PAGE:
The Tall Tower


The tower project began when Neal Stephenson started asking a simple question: how tall can we build something? As he started working with structural engineer Keith Hjelmstad, it turned out that this question has some surprising answers. To learn more about the project or get involved, check out the Tower Group.

The Premise

Inspired by some papers on the subject authored by Geoffrey Landis, Neal Stephenson began wondering how tall we could build a structure. After initial conversations with Dr. Keith Hjelmstad of Arizona State University, it became clear that it might be possible to build a very large structure using high-grade steel. Keith developed some simple models to explore the structural requirements of such a tower and Neal began thinking about where such a building might be placed.

As the tower conversation continues, the circle of collaborators has expanded to include aerospace engineering, sophisticated digital modeling and architectural design. In a sure sign that the tower project is about to get excitingly weird, Bruce Sterling wants in.  In the months to come the tower project will continue to serve as a pilot for the larger ideal of Hieroglyph: a freewheeling conversation about a radically ambitious project that could be accomplished within the next few decades.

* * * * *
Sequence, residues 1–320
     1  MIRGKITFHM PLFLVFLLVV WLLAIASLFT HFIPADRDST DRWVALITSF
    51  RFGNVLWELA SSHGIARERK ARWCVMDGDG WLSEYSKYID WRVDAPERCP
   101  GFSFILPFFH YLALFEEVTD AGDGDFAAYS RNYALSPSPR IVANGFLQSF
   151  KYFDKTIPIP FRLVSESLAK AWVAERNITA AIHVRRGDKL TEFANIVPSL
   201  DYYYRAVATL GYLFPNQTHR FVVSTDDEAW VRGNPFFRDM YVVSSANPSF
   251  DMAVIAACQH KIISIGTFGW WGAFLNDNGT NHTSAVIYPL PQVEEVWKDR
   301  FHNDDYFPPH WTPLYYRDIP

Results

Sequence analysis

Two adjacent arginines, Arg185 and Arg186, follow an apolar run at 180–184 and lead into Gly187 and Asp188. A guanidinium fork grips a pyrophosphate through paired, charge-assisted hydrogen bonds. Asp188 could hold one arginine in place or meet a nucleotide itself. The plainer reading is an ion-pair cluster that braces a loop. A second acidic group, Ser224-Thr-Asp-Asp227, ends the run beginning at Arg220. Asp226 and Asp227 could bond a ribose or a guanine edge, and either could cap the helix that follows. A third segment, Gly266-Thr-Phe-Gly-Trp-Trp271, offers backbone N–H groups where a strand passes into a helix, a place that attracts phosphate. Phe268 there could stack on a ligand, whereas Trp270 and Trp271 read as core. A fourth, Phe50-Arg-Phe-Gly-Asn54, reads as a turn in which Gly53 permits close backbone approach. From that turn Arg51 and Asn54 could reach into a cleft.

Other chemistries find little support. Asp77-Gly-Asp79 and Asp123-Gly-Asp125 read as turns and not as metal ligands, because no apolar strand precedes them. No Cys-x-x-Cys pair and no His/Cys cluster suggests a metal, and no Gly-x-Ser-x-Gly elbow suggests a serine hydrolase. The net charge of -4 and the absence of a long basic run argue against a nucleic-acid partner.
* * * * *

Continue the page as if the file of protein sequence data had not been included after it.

In the Press

“A Place Where Science and Science Fiction Can Be of One Mind,” John Markoff, The New York Times

“Neal Stephenson on Science Fiction, Building Towers 20 Kilometers High…and Insurance,” Stephen Cass, Technology Review

“How Neal Stephenson’s 20-Kilometer Space Tower Could Change Everything,” George Dvorsky, io9

“Space Tower: Could We Build a Stratosphere Skyscraper?” Jim Giles, New Scientist

In Other Skyscraper News…

eVolo (architecture and design journal) annual Skyscraper Competition

Neal Stephenson is the author of the three-volume historical epic “The Baroque Cycle” (Quicksilver, The Confusion, and The System of the World) and the novels REAMDE, Cryptonomicon, The Diamond Age, Snow Crash, and Zodiac. He lives in Seattle, Washington.

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